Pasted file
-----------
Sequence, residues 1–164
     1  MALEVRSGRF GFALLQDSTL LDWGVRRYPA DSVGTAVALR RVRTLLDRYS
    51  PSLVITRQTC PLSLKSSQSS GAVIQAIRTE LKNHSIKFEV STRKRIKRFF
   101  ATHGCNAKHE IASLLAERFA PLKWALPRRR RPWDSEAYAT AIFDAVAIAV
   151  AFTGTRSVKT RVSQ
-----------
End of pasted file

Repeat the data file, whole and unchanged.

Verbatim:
Sequence, residues 1–164
     1  MALEVRSGRF GFALLQDSTL LDWGVRRYPA DSVGTAVALR RVRTLLDRYS
    51  PSLVITRQTC PLSLKSSQSS GAVIQAIRTE LKNHSIKFEV STRKRIKRFF
   101  ATHGCNAKHE IASLLAERFA PLKWALPRRR RPWDSEAYAT AIFDAVAIAV
   151  AFTGTRSVKT RVSQ